Types of Abnormal Menstrual Bleeding

Irregular period

If you’re experiencing heavy menstrual bleeding, irregular periods, or unusual bleeding at times you don’t expect, it could be a signal of an underlying health condition. So is your unusual bleeding normal, what might be causing it and what should you do about it? Find out.

What causes abnormal menstrual bleeding?

There are many possible causes of heavy bleeding or irregular periods, so you’ll need a doctor’s help. Your doctor may start by checking for problems most common for your age. Some may not be serious and easy to treat. Others may be more serious. The most common causes are listed below:

  • Miscarriage
  • Use of certain IUDs
  • Fibroids
  • Problems with blood clotting
  • Polyps
  • Chronic medical conditions (for instance, thyroid problems)

Is heavy menstrual bleeding dangerous?

Heavy bleeding on its own can cause you to lose iron and make you anemic (weak and tired). Some of the causes of heavy bleeding aren’t very serious and, despite the inconvenience of managing your periods, don’t need treatment. Others are more serious and need prompt treatment. Very rarely, heavy bleeding is a medical emergency.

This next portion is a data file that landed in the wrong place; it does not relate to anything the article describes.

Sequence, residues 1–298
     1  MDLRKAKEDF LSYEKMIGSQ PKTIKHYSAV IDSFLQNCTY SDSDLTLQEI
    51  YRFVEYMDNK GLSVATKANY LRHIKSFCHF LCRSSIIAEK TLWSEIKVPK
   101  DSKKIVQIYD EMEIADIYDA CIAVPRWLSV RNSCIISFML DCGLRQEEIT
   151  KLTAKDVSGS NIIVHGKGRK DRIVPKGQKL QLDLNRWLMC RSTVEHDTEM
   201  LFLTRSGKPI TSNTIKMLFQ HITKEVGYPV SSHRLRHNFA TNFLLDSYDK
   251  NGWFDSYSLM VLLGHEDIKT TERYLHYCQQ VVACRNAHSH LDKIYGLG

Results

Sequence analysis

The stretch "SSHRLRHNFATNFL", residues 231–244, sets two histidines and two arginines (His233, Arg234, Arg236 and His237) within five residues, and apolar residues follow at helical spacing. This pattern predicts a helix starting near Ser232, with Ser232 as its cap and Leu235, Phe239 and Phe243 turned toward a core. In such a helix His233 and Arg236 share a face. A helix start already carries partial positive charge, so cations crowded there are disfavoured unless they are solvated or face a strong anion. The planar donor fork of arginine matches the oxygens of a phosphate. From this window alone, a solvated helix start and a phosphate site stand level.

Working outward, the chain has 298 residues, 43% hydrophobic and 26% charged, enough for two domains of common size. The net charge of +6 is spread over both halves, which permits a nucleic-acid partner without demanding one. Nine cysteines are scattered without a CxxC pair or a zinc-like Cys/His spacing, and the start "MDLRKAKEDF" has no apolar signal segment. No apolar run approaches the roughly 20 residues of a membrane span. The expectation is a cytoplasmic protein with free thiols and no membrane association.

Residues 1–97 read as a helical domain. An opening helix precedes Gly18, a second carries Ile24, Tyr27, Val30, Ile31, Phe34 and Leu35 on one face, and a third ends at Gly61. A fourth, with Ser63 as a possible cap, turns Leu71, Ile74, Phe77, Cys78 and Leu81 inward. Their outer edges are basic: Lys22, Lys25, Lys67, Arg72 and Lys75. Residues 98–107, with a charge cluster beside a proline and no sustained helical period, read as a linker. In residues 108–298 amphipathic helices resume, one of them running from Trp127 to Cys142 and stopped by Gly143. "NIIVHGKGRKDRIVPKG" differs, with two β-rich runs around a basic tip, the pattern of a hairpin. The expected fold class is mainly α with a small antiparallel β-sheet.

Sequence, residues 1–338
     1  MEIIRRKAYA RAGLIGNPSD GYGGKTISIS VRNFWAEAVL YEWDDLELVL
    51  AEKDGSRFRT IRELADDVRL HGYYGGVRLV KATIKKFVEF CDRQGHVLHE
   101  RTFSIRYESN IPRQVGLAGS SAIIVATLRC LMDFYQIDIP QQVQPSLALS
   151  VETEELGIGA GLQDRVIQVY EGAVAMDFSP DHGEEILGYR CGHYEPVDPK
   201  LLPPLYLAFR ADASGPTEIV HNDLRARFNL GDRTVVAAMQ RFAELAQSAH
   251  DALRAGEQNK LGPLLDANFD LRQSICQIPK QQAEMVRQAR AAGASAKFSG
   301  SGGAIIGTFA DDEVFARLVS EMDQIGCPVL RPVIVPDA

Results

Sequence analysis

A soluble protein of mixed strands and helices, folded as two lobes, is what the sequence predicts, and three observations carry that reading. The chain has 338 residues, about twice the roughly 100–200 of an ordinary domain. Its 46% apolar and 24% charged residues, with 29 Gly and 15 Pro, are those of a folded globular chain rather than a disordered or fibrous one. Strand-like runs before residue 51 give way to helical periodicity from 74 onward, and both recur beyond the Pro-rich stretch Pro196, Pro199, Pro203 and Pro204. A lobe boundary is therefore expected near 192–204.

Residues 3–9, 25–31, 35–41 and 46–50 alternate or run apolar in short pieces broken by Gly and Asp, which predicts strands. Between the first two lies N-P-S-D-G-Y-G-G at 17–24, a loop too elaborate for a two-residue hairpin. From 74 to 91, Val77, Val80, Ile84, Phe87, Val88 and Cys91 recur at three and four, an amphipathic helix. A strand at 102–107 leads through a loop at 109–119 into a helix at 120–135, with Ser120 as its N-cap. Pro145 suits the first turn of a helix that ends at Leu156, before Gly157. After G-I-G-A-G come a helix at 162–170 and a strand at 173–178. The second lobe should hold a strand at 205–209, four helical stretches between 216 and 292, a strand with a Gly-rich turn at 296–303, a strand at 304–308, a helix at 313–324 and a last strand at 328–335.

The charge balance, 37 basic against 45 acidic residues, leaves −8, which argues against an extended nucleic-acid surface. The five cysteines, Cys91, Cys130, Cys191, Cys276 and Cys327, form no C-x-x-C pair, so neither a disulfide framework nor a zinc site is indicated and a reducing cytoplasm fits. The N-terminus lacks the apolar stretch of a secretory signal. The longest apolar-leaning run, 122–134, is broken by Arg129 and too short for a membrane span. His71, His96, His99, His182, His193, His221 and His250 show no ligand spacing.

If you are experiencing heavy bleeding and are concerned, call your doctor or go to your local hospital’s emergency room right away. Keeping a diary of your periods, including the number of pad or tampon changes and when you have gushes, can help your doctor diagnose your specific problem.

Irregular periods

Many women experience irregular periods at some time in their lives. The exact causes of irregular periods can vary and are often quite normal. However, you’re the best judge of what is normal for you. If you suddenly have irregular periods, make sure you chart your symptoms and contact your doctor.

Unusual bleeding

Women may experience unusual or unexpected bleeding at some time in their lives. Just like heavy bleeding and irregular periods, you should talk to your doctor about your symptoms. It is common to have irregular periods sometimes. They may not occur on schedule in the first few years after you start to have them (around age 9-16). The cycle may get shorter near age 35. It often gets shorter as you near menopause (around age 50). It also is normal then to skip periods or for bleeding to get lighter or heavier. So be sure to talk to your doctor to get the information you need.

Disclaimer: advice on this website is general advice. Procter & Gamble is not responsible for the outcome should you choose to follow this advice.

Sources

  • ACOG Pamphlet 95 : Abnormal uterine bleeding